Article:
A group of UN human rights experts on Thursday urged India to end the communications blackout imposed on occupied Kashmir, warning it amounted to "collective punishment" and risked exacerbating regional tensions. They voiced alarm over the measures imposed by India since it revoked autonomous rule in the part of Kashmir it controls on August 5, including a near-total communications blackout. "The shutdown of the internet and telecommunication networks, without justification from the government, are inconsistent with the fundamental norms of necessity and proportionality," the five experts, who are independent and do not speak for the world body, said in a statement.
"The blackout is a form of collective punishment of the people of occupied Jammu and Kashmir, without even a pretext of a precipitating offence," they said, describing the restrictions imposed as "intrinsically disproportionate".
The experts also voiced concern about the curfew imposed across the region, with "massive numbers of troops (brought in) to enforce restrictions on the freedom of movement and of peaceful assembly, particularly in the occupied Kashmir Valley."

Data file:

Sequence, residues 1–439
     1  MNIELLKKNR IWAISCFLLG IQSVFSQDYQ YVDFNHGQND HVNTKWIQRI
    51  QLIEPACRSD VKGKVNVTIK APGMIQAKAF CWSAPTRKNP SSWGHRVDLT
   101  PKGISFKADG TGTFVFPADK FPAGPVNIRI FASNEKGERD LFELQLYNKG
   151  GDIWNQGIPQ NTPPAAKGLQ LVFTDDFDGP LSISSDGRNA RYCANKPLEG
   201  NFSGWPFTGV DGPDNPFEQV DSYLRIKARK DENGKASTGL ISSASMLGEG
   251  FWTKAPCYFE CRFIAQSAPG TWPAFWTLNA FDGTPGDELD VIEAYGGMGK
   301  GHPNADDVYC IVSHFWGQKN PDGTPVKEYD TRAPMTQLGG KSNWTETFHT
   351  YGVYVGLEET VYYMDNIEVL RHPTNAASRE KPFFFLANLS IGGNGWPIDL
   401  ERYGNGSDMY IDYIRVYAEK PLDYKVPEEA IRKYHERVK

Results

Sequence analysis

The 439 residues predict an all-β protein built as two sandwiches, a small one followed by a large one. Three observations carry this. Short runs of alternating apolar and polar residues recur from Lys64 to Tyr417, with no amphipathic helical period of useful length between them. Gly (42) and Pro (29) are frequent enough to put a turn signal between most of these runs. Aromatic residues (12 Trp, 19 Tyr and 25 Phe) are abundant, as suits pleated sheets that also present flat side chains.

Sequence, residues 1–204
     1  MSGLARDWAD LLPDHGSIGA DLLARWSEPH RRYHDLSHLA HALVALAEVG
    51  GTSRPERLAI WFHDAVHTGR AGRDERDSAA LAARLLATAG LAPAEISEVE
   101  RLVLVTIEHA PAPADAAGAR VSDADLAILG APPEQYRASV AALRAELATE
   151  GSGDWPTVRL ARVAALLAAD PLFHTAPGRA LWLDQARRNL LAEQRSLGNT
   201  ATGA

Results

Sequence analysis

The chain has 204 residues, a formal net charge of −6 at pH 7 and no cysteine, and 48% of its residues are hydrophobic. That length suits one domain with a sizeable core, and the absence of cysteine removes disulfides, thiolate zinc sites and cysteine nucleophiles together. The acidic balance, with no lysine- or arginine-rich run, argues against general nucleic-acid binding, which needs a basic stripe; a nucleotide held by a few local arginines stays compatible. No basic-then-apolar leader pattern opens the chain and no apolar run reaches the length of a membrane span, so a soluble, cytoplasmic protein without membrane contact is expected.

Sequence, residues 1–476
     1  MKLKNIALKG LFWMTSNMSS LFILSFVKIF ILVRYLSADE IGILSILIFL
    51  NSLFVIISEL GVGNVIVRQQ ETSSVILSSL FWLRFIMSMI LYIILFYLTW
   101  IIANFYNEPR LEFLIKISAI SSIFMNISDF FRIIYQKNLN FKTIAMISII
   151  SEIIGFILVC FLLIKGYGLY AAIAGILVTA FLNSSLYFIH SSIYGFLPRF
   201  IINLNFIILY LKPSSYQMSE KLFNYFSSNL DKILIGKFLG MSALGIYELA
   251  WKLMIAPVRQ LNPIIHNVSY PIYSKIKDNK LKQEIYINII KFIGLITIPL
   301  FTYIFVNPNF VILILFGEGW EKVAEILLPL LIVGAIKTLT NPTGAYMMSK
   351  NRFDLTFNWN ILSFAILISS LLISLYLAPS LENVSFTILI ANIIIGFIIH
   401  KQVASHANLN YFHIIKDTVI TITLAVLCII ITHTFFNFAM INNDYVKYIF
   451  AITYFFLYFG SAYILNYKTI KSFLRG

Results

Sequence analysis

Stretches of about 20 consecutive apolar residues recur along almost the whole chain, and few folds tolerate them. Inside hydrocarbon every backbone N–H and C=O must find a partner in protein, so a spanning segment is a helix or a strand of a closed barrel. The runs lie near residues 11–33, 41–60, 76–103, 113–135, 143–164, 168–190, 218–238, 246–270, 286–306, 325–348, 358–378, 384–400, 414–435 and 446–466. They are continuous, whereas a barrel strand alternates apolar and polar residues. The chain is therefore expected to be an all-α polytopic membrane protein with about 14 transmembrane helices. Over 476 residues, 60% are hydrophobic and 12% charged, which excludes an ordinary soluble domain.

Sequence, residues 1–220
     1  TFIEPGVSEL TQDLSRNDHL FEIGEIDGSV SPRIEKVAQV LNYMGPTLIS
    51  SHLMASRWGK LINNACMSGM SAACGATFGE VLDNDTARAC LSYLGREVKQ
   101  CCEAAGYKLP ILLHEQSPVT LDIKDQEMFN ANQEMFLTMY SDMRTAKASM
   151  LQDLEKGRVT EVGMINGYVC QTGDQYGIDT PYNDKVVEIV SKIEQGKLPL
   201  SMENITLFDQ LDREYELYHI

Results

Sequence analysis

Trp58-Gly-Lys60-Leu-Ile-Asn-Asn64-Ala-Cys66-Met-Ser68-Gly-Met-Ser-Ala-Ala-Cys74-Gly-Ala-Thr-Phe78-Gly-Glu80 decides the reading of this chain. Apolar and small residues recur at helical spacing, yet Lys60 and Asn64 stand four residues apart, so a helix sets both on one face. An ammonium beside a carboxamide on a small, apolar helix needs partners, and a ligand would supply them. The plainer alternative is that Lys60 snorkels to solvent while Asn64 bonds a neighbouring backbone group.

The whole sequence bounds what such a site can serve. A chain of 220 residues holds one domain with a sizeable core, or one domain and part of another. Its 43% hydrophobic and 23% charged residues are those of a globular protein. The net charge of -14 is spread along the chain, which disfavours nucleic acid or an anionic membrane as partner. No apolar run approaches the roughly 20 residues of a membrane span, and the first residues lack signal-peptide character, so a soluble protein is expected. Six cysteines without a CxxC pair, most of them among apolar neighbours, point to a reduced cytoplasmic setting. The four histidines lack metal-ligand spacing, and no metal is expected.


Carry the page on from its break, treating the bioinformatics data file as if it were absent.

The UN experts said they had received information suggesting an increase in arrests of political figures, journalists, human rights activists, protesters and others. And they said they were deeply concerned by reports that security forces have been conducting night raids on private homes, rounding up young people.
"Such detentions could constitute serious human rights violations," the experts said, calling on the authorities to thoroughly investigate all such allegations and to ensure that any confirmed perpetrators are held responsible.
They also expressed grave concern over allegations that the whereabouts of some of those detained was unknown, warning of "the general heightened risk of enforced disappearances, which may proliferate against the backdrop of mass arrests and restricted access to the internet and other communications networks."
They also noted the "excessive use of force against protesters, including the use of live ammunition." "India has the responsibility to use the minimum force necessary when policing protests," the experts said, insisting that deadly force could only be used as a "last resort and to protect life."